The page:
“Whatever our mind has been thinking of before the hour of prayer, is sure to occur to us while we are praying through the activity of the memory. Wherefore what we want to find ourselves like while we are praying, that we ought to prepare ourselves to be before the time for prayer.”
St John Cassian, First Conference of Abbot Isaac
Our mind wanders so much during prayer, doesn’t it? I know mine does. And so what St. John says here holds very true. If we are surrounding ourselves with heavenly things, then when it comes time for prayer, at the least, heavenly things will be in and on our mind. This will snowball -if you will permit my poor analogy- and build upon itself. Holiness begets holiness. As well, sin begets sin.
An Elder said: “If we are children of the Holy Apostles -as the Apostle Paul proclaims and tells us: ‘For in Christ Jesus I have begotten you through the Gospel'(1Cor. 4:15) – then we are obligated, as children, to imitate our parents. And just as the Apostles experienced joy when they were beaten and remained unperturbed when they were slandered (since it was said by Gentile and Jew, alike, that they were turning the world upside down with their magic and potions), so should we also feel in similar circumstances. The APostles, in all of these and like things, not only were not grieved but, on the contrary, we taken away with joy. So it is that they said with satisfaction: ‘Being reviled, we bless…being defamed, we entreat’ (1Cor. 4:12-13), and other things. And this was all written that we might also imitate them. Therefore, when we suffer such things and hear bitter words, we should be joyful, as though we have gained a treasure, and share in the trials and tribulations of the Holy Apostles and Matryrs; and we should await yet greater things, showing that we are their true kinsman and gaining even more notably by becoming partakers of the unending glory of the heavens.” ~The Evergetinos, Book two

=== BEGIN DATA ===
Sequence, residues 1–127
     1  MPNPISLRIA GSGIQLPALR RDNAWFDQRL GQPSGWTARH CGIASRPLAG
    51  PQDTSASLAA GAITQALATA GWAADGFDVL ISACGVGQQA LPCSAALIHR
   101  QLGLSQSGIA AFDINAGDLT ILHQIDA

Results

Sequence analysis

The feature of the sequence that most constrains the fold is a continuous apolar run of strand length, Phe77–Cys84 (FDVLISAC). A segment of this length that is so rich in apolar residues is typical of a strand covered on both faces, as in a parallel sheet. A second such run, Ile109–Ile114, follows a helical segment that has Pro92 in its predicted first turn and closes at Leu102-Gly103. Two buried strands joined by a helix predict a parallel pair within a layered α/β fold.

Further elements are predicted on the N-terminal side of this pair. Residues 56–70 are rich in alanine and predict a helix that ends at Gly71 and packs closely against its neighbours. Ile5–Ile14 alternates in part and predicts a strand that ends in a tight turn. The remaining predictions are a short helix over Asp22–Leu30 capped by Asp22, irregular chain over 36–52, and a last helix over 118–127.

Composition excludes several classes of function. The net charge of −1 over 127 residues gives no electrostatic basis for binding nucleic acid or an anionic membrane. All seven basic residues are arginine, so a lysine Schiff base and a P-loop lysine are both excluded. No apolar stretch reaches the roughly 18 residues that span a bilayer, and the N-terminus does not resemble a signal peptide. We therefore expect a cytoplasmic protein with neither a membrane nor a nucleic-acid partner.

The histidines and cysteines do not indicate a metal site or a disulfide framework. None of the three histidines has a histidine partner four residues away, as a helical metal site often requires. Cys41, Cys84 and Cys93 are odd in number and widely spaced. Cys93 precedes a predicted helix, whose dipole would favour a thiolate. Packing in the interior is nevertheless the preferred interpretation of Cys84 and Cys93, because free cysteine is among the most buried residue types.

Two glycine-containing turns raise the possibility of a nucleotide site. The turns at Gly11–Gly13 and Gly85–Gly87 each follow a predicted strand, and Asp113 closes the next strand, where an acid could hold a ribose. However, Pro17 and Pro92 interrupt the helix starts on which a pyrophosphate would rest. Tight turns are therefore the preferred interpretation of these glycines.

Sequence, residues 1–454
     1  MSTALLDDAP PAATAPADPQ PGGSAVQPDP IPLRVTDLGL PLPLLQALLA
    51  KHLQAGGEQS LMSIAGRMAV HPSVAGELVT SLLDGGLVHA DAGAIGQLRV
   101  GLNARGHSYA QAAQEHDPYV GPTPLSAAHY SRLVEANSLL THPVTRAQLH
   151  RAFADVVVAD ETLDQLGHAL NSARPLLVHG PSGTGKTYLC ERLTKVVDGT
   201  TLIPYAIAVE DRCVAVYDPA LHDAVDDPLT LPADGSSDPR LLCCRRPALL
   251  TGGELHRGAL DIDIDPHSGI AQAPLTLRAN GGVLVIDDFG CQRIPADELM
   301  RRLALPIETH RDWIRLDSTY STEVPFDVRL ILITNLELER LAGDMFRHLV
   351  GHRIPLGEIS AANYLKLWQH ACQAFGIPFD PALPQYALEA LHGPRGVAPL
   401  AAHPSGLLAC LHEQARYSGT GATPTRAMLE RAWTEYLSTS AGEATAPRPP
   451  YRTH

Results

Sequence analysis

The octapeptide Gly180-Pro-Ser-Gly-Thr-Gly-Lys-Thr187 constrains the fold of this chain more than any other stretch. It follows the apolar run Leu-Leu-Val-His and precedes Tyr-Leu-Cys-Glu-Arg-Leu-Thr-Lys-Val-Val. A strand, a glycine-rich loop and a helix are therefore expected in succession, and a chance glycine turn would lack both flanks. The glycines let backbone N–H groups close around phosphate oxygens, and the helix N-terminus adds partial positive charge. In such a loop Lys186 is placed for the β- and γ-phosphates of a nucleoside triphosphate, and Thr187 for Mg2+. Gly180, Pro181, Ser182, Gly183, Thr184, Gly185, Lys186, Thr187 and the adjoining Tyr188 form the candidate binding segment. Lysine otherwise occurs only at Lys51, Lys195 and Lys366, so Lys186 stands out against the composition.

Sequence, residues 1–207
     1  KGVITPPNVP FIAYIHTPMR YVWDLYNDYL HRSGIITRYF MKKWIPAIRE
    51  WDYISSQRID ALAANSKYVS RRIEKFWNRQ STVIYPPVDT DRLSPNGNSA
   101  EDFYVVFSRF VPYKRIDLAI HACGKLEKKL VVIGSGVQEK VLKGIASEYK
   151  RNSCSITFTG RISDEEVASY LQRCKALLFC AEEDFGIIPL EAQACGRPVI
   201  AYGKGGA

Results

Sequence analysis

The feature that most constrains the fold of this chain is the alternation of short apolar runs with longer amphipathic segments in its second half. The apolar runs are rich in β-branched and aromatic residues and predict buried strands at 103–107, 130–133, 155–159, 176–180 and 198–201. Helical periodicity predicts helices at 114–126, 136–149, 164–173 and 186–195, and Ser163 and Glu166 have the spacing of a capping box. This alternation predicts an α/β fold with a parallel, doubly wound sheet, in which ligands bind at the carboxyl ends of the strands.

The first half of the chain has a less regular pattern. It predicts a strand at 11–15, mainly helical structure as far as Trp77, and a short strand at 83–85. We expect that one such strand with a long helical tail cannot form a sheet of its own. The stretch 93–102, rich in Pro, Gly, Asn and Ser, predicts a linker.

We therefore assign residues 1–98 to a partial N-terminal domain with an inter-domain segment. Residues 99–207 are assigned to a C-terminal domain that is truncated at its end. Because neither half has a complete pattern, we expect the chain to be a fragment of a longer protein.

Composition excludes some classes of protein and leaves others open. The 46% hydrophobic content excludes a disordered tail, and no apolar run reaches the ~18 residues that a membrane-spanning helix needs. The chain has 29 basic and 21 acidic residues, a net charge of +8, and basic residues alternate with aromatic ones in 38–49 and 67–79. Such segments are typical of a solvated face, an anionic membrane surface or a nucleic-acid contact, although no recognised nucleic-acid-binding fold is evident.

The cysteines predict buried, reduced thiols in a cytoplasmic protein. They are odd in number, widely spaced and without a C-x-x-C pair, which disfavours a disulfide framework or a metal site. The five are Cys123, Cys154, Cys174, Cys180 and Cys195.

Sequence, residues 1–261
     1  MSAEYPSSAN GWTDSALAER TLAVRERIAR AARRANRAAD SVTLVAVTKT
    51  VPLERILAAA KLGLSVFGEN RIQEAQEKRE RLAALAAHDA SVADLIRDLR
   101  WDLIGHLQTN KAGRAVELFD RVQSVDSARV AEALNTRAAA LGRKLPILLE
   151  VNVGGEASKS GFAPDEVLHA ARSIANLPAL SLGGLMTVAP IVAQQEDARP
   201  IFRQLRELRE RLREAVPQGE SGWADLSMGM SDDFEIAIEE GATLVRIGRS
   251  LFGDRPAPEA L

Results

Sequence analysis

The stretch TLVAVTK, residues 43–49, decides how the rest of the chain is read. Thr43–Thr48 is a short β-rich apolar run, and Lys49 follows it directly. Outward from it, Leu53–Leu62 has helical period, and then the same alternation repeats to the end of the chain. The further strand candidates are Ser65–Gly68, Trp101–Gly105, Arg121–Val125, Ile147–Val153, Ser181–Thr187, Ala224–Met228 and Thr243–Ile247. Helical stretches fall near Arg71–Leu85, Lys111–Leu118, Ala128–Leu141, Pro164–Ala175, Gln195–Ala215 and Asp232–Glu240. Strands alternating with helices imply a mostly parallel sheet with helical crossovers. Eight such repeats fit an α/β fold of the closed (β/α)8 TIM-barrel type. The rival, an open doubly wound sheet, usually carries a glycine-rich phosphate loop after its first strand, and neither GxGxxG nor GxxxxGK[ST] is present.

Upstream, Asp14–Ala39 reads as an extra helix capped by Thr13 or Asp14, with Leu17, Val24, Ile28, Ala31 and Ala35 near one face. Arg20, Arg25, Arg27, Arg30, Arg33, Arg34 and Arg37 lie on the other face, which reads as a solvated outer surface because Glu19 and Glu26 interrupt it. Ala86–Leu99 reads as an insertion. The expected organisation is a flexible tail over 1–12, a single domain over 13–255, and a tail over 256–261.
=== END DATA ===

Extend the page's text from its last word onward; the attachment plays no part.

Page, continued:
I simply cannot add to that.